So if a automobile manufacturer is to develop a new “affordable” sport car that looks nice but is mediocre in acceleration they are in effect targeting the people that cares more about the look and would preferred to allow that experience to dictate their buying decision.  This car may look fast and sporty but it may not have the most comfortable ride or enough space for utility.  This is why it’s important to now only know your customers, but also know how to market and cater to their personality. Checkout the chart below you will find that Toyota has covered three demographics with three brands to maximize their market share


So how is that related to user experience?  Well, if you know who you’re aiming for you can then focus on those specific areas to engage the interaction to impact the user perceptions resulting in a desirable outcome.  Depending on the purpose of the product, in my example I used cars but if it was clothing, it’s style as well as gender, location, ethnics, age, income brackets, and so on.  It’s always a good to start with analytical data then develop the target groups for each design.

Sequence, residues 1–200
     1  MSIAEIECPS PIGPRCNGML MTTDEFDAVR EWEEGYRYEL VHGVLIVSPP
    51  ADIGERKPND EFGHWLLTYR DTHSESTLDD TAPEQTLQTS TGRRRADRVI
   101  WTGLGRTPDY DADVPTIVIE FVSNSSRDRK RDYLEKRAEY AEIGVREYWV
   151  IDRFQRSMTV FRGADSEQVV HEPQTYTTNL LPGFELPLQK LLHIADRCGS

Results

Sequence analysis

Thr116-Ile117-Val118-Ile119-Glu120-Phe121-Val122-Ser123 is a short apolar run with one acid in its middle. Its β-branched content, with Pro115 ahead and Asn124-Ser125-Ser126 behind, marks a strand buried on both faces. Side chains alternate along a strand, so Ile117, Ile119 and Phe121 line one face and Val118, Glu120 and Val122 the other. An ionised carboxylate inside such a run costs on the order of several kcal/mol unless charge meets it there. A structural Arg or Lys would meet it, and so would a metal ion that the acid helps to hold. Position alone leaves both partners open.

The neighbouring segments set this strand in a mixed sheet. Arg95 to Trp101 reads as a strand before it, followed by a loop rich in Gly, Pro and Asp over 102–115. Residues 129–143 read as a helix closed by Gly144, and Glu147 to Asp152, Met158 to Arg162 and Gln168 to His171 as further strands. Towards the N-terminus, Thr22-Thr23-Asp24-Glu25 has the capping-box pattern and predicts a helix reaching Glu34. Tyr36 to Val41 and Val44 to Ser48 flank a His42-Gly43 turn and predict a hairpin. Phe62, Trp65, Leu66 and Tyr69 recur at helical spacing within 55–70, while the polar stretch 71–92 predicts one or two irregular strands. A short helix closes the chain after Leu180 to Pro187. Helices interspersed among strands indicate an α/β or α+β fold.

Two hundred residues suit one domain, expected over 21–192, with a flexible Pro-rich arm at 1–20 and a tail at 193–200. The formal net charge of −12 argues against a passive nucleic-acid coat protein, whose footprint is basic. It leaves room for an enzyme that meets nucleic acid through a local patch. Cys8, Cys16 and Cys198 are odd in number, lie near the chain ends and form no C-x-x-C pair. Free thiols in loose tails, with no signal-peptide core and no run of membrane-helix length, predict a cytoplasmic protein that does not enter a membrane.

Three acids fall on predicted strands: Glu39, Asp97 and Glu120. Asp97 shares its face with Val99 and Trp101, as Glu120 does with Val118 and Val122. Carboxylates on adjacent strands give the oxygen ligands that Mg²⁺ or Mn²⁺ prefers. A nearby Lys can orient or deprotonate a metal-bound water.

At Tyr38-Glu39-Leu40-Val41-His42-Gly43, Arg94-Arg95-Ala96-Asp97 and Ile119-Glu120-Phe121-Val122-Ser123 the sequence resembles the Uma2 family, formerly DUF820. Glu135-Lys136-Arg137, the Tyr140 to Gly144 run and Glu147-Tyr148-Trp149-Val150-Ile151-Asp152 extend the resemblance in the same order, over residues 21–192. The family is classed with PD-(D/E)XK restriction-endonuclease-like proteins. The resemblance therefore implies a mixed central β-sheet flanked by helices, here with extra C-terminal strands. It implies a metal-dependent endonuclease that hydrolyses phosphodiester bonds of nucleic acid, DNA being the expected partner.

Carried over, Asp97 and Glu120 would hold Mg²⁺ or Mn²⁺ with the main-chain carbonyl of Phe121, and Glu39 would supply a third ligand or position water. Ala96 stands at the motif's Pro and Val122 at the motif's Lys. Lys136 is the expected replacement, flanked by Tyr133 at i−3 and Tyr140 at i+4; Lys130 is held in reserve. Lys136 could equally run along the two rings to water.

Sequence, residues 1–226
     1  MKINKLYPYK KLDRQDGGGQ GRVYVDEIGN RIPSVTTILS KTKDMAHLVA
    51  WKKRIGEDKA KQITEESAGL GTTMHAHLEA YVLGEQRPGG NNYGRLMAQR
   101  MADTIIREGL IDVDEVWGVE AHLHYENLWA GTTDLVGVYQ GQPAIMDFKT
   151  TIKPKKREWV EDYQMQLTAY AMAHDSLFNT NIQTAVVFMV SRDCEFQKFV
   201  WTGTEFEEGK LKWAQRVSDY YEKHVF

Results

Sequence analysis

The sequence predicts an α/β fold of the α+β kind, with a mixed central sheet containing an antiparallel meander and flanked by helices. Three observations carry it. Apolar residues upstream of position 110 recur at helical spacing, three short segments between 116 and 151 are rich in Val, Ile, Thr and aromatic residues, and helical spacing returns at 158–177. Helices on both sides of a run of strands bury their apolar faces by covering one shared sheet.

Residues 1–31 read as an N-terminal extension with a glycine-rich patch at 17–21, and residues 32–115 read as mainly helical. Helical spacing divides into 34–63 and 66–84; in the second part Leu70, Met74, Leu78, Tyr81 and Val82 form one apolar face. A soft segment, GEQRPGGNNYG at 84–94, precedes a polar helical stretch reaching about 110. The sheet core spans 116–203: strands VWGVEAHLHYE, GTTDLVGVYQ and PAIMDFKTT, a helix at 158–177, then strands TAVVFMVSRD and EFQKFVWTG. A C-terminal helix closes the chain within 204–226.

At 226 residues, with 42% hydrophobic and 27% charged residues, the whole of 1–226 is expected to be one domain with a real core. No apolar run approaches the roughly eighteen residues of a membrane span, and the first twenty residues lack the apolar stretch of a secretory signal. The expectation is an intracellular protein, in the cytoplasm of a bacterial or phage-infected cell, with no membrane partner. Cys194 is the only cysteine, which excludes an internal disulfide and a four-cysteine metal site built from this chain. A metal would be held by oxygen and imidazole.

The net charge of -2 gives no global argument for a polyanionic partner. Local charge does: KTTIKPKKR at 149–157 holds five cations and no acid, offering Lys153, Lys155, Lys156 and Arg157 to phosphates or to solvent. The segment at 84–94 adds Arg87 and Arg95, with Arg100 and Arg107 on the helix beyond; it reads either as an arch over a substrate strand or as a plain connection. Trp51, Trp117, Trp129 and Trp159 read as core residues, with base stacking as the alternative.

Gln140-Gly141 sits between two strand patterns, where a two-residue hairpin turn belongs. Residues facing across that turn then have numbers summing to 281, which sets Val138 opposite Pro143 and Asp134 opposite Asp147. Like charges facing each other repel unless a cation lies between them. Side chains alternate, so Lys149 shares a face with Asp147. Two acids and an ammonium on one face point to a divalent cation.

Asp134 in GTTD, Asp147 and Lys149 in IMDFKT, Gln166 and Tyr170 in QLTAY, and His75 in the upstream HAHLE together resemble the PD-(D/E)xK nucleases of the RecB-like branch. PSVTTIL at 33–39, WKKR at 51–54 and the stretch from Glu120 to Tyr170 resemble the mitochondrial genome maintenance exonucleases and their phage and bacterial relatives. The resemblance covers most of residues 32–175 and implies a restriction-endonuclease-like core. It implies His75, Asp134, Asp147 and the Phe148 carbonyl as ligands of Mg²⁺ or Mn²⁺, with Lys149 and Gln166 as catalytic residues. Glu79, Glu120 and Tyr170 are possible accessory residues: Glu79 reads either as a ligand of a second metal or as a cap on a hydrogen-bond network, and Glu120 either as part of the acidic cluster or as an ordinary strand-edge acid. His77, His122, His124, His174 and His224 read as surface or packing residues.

If you know who you’re selling the idea (design) to, it simply comes down to the creation of the information architecture by utilizing as much data as possible to address and integrate all user-facing aspects of the experience from visual to emotion that are needed to connect the user to the design.